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TheBody.com/TheBodyPRO.com cover the XVIII International AIDS Conference (AIDS 2010)

Starting HAART: When to Take the First Step?

July 20, 2010

Transcript (.pdf)

For more information on this session, including access to speaker presentations, please see the conference Programme-at-a-Glance.

Recent guidelines are all recommending that HIV treatment be started at a higher CD4 count because of issues such as the ongoing damage caused by HIV itself, and prevention of transmission. Issues in long-term treatment, such as potential side effects, the development of resistance, the cost and sustainability of programmes in resource-poor settings, are some of the potential problems for such a strategy. This session will debate, in a courtroom type setting, the pros and cons of early initiation and will highlight the areas of controversy and agreement. It will be an opportunity for patient groups and community to debate with clinicians and scientists the need to start early.

Presentations in This Session:

Scientific Perspective From a Developed Country
Presented by Steven Deek (United States)
Professor of Medicine, University of California, San Francisco (UCSF)

Scientific Perspective From a Developing Country
Peter Mugyenyi (Uganda)
Director and Founder, Joint Clinical Research Center Kampala, Uganda

Community Perspective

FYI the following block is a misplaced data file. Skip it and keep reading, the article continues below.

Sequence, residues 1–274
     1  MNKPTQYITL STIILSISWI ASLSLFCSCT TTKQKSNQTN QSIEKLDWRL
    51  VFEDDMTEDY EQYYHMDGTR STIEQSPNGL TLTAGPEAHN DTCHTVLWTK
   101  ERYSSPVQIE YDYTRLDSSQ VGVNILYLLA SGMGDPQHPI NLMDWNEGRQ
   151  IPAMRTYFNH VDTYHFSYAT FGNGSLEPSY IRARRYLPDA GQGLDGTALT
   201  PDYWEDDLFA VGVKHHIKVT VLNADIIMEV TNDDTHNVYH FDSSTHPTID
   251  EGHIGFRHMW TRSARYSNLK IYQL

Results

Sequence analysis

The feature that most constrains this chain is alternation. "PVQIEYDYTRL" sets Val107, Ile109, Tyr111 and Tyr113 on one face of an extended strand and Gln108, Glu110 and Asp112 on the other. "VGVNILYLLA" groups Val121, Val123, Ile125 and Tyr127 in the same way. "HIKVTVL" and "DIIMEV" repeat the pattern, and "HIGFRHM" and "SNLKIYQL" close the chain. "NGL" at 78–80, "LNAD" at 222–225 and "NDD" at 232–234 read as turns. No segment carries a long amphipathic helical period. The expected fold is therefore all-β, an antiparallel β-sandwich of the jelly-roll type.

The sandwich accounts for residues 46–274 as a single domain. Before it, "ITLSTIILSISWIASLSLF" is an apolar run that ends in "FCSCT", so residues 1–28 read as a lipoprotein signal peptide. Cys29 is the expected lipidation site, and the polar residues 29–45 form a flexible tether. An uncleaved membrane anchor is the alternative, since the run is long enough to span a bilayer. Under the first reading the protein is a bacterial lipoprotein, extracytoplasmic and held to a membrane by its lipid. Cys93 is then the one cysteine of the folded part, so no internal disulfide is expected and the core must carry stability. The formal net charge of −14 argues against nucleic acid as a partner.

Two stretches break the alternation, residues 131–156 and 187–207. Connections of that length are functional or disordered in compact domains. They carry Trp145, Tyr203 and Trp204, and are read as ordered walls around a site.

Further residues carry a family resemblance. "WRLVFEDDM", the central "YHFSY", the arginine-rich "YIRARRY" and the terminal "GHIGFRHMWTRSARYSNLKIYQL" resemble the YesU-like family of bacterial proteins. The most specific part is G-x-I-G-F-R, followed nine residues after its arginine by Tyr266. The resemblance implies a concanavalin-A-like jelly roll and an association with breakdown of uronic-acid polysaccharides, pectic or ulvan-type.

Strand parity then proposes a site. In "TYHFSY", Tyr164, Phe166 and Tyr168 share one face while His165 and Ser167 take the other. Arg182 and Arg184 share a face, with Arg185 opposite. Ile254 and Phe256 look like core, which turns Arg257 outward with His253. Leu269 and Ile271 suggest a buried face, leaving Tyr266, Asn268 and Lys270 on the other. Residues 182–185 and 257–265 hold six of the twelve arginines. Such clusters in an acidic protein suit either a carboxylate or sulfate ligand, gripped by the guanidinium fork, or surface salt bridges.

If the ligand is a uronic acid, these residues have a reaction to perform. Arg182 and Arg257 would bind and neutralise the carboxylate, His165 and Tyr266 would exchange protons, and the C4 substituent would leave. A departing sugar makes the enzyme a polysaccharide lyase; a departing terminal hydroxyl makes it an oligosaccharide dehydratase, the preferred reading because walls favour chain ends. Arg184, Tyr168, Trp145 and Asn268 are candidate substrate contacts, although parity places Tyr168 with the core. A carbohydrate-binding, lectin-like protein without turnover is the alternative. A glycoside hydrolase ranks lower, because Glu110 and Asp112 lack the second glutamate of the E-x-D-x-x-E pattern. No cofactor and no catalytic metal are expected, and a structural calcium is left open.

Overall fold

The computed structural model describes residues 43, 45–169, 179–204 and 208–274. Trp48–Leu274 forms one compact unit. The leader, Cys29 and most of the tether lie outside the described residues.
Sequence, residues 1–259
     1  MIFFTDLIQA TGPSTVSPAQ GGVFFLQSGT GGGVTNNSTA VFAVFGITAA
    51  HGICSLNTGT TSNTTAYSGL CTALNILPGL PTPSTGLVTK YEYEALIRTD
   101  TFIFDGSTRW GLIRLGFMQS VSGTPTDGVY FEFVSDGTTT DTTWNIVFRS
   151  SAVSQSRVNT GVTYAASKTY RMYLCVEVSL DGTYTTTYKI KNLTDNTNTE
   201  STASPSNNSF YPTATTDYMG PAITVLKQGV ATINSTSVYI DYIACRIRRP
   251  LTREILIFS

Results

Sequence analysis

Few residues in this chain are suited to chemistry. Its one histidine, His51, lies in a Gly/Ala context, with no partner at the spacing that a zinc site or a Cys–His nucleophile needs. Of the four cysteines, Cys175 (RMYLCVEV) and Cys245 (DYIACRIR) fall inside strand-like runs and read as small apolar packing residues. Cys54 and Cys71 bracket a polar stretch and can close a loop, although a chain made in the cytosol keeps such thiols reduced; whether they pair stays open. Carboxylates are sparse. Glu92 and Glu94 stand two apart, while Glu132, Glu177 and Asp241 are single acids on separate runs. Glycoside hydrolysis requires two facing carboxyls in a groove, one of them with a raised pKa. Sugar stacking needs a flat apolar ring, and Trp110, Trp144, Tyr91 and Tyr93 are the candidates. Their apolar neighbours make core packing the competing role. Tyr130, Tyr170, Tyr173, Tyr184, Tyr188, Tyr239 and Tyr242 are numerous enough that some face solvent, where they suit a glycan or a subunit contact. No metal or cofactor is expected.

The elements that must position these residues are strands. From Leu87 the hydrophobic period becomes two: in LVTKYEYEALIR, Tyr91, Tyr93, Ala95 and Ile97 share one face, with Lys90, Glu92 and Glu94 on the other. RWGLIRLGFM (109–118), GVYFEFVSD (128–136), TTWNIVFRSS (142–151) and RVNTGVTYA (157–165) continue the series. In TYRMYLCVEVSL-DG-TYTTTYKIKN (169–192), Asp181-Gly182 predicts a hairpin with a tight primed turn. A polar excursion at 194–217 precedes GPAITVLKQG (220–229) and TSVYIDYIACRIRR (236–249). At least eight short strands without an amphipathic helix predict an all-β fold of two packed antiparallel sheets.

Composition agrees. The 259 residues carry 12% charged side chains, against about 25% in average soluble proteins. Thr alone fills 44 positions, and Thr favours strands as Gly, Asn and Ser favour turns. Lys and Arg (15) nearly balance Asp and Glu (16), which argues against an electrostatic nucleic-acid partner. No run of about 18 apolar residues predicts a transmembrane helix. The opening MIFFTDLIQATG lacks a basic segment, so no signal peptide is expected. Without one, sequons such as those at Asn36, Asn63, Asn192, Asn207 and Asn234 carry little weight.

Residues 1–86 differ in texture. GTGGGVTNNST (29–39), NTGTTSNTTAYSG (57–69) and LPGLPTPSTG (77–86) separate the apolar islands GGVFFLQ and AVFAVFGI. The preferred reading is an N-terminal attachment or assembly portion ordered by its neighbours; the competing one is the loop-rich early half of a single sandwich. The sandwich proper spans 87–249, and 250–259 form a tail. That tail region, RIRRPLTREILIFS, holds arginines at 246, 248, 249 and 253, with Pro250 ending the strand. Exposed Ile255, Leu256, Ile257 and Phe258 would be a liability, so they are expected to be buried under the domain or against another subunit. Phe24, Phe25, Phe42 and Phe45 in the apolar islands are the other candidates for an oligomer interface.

Policy Perspective
Presented by Mark Harrington (United States)
Executive Director of the Treatement Action Group (TAG)

Funding Perspective
Presented by Ambassador Eric Goosby (United States)
U.S. Global AIDS Coordinator, U.S. President's Emergency Plan for AIDS Relief (PEPFAR)
U.S. Government engagement with the Global Fund to Fight AIDS, Tuberculosis and Malaria

Questions and Answers

Conclusions

Starting HAART: When to Take the First Step? (.mp3)


This information was reprinted from kff.org with permission from the Henry J. Kaiser Family Foundation. You can view all of Kaiser's coverage of the XVIII International AIDS Conference at http://www.kff.org/aids2010. © Henry J. Kaiser Family Foundation. All rights reserved.




This article was provided by Henry J. Kaiser Family Foundation. Visit the Kaiser Family Foundation's website to find out more about their activities, publications and services.
 


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Please note: Knowledge about HIV changes rapidly. Note the date of this summary's publication, and before treating patients or employing any therapies described in these materials, verify all information independently. If you are a patient, please consult a doctor or other medical professional before acting on any of the information presented in this summary. For a complete listing of our most recent conference coverage, click here.

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